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Village Of Golf Manor

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6450 Wiehe Rd, Cincinnati, OH 45237
http://www.golfmanor.org
(911) 531-7491
 
History: During the 1800's, Golf Manor was an oasis of farms and green, grazing lands. The people were as industrious and frugal as Pennsylvania Dutch. They had the drive to work dawn to dusk in their fields and barns. When winter came, they repaired...read more
History: During the 1800's, Golf Manor was an oasis of farms and green, grazing lands. The people were as industrious and frugal as Pennsylvania Dutch. They had the drive to work dawn to dusk in their fields and barns. When winter came, they repaired their tools, mended fences, and tended stock. They worshipped at local churches, even founded one in 1876: St. Peter's Evangelical Church of Pleasant Ridge. Among the founders were the family names of Stover, Kellermann, Wiehe, and Green. All had farms in the area now part of Golf Manor, though at that time, it was simply rural Columbia Township. Many of the streets are named for pioneer residents. Englewood recalls the log cabin on Losantiville with its undisciplined flower garden, berry patches, and Paw Paw and Quince trees. This was the home of Katy, Henry, and Joe Engle. Stover recalls the immense dairy started by Dietrich and Anna Theile Stover. Kellermann recalls the many Kellermann families who peopled the area descendants of William, Dietrich, and Gus Kellermann. Wiehe Road recalls the old three-story brick house atop Wiehe hill, which is still standing today. Visible as far away as the North Bend Road summit, it belonged to the Wiehe family well over a century ago, and in 1910 became the home of the Pieper family (the family now lives on Elbrook). The Powell family today owns the home. Hammel Avenue was named for Samuel Hammel, a well-known Cincinnati lawyer who once owned the largest single block of land in the area. Sam was a regular visitor at the Wiehe Road gardens. He came for fresh vegetables. Other influential people who came to the local gardens for vegetables were the Seasongoods, Tudors, Whites, and Cadwalladers. While most Golf Manor streets bear German names, the others have English or colonial flavor: Ardmore, Fair Oaks, Mayflower, and St. Albans. Early residents of the area had to walk to Pleasant Ridge to get the black interurban streetcar for downtown Cincinnati. The people living on the Western side walked to Ross and Montgomery in Norwood for the North Norwood streetcar. Children attended the turreted grade school on Montgomery Road (Pleasant Ridge Elementary School), opposite historic Pleasant Ridge Presbyterian Church. In 1909, the new red brick building with the massive concrete pillars was opened. The turreted school came down and the final section of the new school came into use in 1932. Pupils marched in and out of class to Sousa music via records on the wind-up Victrola operated by Principal Thomas Simmermon. There was no lunchroom in the school, but Miss Ross had a busy dining room and candy store across the street. Until 1920, Pleasant Ridge had a classical high school. In 1921, East Side High School opened in Hyde Park. Students and faculty from the Ridge were transferred there. East Side was renamed Withrow in 1924. When Golf Manor was laid out in lots by developers Britton and Brown in the 1920's, there were mostly 150-foot plots with 35 to 50 foot frontages. These sold for $1 down and $1 weekly. Total cost of the lots was $600 to $1,000. During the Great Depression, these lots sold for $200 to $300. To buy a lot originally, you simply tore off the ticket tacked to the stake of the lot you wanted and took it with your $1 binder to the sales office. The sales office was the tailgate of a truck. Soon you received your nice blue deed to a home site in that charming little village-to-be of Golf Manor. In time, the pastures, the wild roses, and honeysuckle gave way to streets, entrances to which were graced by brick pillars with concrete urns of vines, petunias, and geraniums. One of the first clusters of houses sprung up near the Evers' gardens on Langdon Farm Road. Graceland soon became home to such early settlers as the Banzhafs, Woods, Webers, and Shroyers. Shroyers were round the corner on Langdon. Meantime, Keith Watcher, on Bremont, was watching a nucleus grown around his unique home - same for Bob Folzenlogen on Hammel. It wasn't long unti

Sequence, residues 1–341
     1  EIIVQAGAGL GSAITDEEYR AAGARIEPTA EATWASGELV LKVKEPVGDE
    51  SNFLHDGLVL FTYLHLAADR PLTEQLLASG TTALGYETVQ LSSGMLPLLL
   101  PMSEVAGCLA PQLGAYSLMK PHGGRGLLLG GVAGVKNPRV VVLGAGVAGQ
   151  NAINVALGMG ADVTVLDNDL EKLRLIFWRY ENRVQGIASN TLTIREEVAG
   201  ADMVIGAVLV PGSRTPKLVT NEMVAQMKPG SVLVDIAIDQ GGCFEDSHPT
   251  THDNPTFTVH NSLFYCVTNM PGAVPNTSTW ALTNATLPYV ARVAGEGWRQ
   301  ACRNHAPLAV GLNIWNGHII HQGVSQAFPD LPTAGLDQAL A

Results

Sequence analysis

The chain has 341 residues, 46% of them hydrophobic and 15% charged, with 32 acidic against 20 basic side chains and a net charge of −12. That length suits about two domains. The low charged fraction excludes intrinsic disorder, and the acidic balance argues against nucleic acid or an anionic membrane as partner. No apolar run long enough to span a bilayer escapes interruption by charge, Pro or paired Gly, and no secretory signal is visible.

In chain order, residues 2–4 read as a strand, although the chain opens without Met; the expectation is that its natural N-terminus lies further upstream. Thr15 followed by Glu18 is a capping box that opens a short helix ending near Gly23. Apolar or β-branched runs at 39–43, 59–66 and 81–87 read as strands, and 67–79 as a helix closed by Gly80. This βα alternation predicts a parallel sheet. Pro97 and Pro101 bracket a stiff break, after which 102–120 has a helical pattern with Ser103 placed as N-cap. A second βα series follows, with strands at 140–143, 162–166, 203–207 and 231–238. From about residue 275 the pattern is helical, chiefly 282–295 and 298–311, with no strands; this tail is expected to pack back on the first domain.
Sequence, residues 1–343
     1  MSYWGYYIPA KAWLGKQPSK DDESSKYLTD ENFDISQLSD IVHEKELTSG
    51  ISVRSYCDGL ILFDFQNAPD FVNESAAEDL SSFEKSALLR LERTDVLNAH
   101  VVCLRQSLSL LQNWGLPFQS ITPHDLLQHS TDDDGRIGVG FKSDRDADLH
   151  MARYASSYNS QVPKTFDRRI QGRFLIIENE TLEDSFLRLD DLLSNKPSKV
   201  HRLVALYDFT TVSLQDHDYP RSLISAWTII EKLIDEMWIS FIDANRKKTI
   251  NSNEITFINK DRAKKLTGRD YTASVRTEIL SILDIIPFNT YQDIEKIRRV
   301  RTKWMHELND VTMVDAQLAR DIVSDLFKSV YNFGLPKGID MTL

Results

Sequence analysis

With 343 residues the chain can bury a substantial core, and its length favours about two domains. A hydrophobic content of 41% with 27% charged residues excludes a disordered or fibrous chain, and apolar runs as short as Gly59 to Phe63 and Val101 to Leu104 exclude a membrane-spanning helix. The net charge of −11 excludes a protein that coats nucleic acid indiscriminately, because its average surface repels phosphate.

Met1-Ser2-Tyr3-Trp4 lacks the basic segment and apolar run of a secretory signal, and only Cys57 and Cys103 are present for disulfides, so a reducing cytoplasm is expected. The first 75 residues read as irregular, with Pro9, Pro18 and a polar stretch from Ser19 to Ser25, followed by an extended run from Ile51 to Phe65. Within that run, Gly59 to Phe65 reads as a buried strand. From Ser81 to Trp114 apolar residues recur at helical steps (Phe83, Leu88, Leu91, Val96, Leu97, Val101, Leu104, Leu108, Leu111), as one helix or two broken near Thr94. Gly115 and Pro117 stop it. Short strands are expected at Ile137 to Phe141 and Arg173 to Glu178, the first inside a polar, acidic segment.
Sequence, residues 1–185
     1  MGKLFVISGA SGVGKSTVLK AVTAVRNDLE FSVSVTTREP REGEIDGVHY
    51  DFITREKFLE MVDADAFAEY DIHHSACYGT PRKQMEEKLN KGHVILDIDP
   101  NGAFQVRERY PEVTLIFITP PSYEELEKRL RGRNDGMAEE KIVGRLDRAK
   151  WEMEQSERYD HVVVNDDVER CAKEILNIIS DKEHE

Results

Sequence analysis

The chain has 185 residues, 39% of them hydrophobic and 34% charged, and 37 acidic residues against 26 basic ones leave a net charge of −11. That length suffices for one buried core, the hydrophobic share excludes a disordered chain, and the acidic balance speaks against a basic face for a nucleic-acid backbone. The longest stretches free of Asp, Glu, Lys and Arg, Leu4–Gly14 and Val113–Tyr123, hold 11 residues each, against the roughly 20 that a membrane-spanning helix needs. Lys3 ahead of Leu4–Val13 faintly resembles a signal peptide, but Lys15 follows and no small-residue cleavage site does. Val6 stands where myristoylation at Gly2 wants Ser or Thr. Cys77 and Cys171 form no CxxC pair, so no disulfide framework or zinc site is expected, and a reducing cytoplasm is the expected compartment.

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History: During the 1800's, Golf Manor was an oasis of farms and green, grazing lands. The people were as industrious and frugal as Pennsylvania Dutch. They had the drive to work dawn to dusk in their fields and barns. When winter came, they repaired their tools, mended fences, and tended stock. They worshipped at local churches, even founded one in 1876: St. Peter's Evangelical Church of Pleasant Ridge. Among the founders were the family names of Stover, Kellermann, Wiehe, and Green. All had farms in the area now part of Golf Manor, though at that time, it was simply rural Columbia Township. Many of the streets are named for pioneer residents. Englewood recalls the log cabin on Losantiville with its undisciplined flower garden, berry patches, and Paw Paw and Quince trees. This was the home of Katy, Henry, and Joe Engle. Stover recalls the immense dairy started by Dietrich and Anna Theile Stover. Kellermann recalls the many Kellermann families who peopled the area descendants of William, Dietrich, and Gus Kellermann. Wiehe Road recalls the old three-story brick house atop Wiehe hill, which is still standing today. Visible as far away as the North Bend Road summit, it belonged to the Wiehe family well over a century ago, and in 1910 became the home of the Pieper family (the family now lives on Elbrook). The Powell family today owns the home. Hammel Avenue was named for Samuel Hammel, a well-known Cincinnati lawyer who once owned the largest single block of land in the area. Sam was a regular visitor at the Wiehe Road gardens. He came for fresh vegetables. Other influential people who came to the local gardens for vegetables were the Seasongoods, Tudors, Whites, and Cadwalladers. While most Golf Manor streets bear German names, the others have English or colonial flavor: Ardmore, Fair Oaks, Mayflower, and St. Albans. Early residents of the area had to walk to Pleasant Ridge to get the black interurban streetcar for downtown Cincinnati. The people living on the Western side walked to Ross and Montgomery in Norwood for the North Norwood streetcar. Children attended the turreted grade school on Montgomery Road (Pleasant Ridge Elementary School), opposite historic Pleasant Ridge Presbyterian Church. In 1909, the new red brick building with the massive concrete pillars was opened. The turreted school came down and the final section of the new school came into use in 1932. Pupils marched in and out of class to Sousa music via records on the wind-up Victrola operated by Principal Thomas Simmermon. There was no lunchroom in the school, but Miss Ross had a busy dining room and candy store across the street. Until 1920, Pleasant Ridge had a classical high school. In 1921, East Side High School opened in Hyde Park. Students and faculty from the Ridge were transferred there. East Side was renamed Withrow in 1924. When Golf Manor was laid out in lots by developers Britton and Brown in the 1920's, there were mostly 150-foot plots with 35 to 50 foot frontages. These sold for $1 down and $1 weekly. Total cost of the lots was $600 to $1,000. During the Great Depression, these lots sold for $200 to $300. To buy a lot originally, you simply tore off the ticket tacked to the stake of the lot you wanted and took it with your $1 binder to the sales office. The sales office was the tailgate of a truck. Soon you received your nice blue deed to a home site in that charming little village-to-be of Golf Manor. In time, the pastures, the wild roses, and honeysuckle gave way to streets, entrances to which were graced by brick pillars with concrete urns of vines, petunias, and geraniums. One of the first clusters of houses sprung up near the Evers' gardens on Langdon Farm Road. Graceland soon became home to such early settlers as the Banzhafs, Woods, Webers, and Shroyers. Shroyers were round the corner on Langdon. Meantime, Keith Watcher, on Bremont, was watching a nucleus grown around his unique home - same for Bob Folzenlogen on Hammel. It wasn't long unti